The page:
A Bit of History

For some time I have seen great photos of bald eagles that were taken in Homer. It seems the really skilled bird photographers have spent time there photographing eagles. Indeed, I have heard on several occasions that a large percentage of published bald eagle photos were taken in Homer. Naturally, there is a good explanation for this.

Since about 1977, Jean Keene fed bald eagles beside the trailer where she lived on the Homer Spit, primarily in the winter. Her offerings of frozen herring led to a reliable gathering of bald eagles during these months, sometimes hundreds on a given morning, as the eagles grew to anticipate and rely on this source of food. Photographers have long known of this gathering and have exploited it to produce superb images of bald eagles. In 2006 the Homer city council adopted a regulation forbidding anyone from feeding the eagles, with the exception that Jean Keane was permitted to continue feeding through 2010. When Ms. Keene passed away in January 2009, her friend Steve Tarola was authorized to continue feeding the eagles in her stead through the end of March 2009, at which point (presumably) no further feeding will be permitted.

Cameras and Lenses

I am currently using a Canon 1Ds Mark III as my primary camera, with a 1Ds Mark II as a close alternate, full-frame bodies both. Occasionally I use a 50D, but I have found it difficult to use and am preparing to sell it.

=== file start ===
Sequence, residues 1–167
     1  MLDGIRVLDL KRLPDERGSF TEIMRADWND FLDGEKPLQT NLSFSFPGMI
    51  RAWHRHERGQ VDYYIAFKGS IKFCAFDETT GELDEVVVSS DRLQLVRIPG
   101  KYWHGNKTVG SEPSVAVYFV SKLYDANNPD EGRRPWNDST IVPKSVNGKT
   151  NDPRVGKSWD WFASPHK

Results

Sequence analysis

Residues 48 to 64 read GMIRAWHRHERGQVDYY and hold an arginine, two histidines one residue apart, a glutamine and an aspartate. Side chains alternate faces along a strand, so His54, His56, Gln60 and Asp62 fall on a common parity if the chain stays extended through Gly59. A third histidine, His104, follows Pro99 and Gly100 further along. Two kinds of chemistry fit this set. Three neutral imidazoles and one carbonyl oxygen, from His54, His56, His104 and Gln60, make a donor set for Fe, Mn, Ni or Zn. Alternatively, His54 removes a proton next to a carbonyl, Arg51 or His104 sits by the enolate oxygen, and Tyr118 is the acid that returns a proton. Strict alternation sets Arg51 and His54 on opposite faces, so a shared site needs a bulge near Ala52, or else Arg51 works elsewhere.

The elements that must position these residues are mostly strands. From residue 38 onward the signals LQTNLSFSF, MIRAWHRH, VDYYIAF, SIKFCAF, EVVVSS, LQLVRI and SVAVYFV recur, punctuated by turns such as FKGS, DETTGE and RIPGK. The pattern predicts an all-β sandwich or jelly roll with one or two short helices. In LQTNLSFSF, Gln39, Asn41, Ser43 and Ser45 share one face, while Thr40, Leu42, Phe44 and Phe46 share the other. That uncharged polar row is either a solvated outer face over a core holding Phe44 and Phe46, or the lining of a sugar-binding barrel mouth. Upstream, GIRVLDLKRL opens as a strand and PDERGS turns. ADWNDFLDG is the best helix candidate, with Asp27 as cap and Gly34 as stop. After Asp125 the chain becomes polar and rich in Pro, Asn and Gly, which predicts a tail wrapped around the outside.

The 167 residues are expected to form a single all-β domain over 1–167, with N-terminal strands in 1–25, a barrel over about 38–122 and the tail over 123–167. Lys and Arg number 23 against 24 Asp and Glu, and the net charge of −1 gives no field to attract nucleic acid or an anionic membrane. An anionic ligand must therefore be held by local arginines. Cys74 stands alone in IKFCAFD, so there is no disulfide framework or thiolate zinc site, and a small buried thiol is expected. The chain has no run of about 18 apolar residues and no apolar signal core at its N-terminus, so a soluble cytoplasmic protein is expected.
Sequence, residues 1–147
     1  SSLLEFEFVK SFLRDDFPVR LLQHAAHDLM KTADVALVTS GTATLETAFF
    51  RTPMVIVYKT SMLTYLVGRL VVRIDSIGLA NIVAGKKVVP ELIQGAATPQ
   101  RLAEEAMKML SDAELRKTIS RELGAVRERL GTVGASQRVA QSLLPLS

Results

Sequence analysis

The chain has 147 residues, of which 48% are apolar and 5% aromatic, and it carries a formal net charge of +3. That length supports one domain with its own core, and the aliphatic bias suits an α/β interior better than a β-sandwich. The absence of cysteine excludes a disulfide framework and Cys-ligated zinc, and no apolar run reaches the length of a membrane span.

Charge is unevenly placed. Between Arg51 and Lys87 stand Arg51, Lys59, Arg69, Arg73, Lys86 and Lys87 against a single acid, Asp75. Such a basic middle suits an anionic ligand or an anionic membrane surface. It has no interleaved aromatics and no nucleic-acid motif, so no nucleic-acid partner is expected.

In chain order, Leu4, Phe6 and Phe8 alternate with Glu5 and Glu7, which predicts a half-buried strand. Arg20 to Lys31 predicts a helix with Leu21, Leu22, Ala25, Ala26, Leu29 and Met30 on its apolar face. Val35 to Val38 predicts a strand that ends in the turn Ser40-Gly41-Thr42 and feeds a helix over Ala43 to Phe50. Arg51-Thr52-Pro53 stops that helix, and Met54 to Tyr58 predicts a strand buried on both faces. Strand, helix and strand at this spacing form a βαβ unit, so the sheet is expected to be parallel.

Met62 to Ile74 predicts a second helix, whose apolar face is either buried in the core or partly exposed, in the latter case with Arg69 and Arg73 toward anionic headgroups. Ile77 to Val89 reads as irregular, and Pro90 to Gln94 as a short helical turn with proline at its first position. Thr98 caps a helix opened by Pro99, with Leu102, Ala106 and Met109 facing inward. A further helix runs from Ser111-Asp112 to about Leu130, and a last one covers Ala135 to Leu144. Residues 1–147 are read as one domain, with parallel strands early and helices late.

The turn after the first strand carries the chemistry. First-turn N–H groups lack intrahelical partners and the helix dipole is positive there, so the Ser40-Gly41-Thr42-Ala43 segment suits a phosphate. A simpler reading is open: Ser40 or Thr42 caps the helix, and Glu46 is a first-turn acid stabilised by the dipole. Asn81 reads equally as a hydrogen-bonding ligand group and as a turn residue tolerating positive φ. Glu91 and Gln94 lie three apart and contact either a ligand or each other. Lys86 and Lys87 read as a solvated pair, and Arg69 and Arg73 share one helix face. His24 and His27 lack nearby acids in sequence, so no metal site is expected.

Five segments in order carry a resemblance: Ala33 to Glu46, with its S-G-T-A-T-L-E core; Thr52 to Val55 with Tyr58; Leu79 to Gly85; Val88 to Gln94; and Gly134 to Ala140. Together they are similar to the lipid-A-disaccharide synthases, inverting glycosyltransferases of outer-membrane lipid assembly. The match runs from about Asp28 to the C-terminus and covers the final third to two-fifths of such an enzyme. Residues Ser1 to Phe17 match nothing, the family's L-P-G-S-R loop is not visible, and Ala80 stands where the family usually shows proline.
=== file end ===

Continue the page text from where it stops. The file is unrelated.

I am aware of the online discussions about the effectiveness of the autofocus in the Canon Mark III bodies (1D and 1Ds both). While I had plenty of images that did not have the critical focus on the eye that I try to achieve, I was happy with the number of truly sharp images I did produce. Honestly, if I shoot 10 really strong images on a trip like this, the effort is a success. I am not sure where I fit into the experience of Canon users when it comes to the AF challenges that bird photography offers, but I am not about to switch camera brands anytime soon, being pretty happy with the gear I use at present.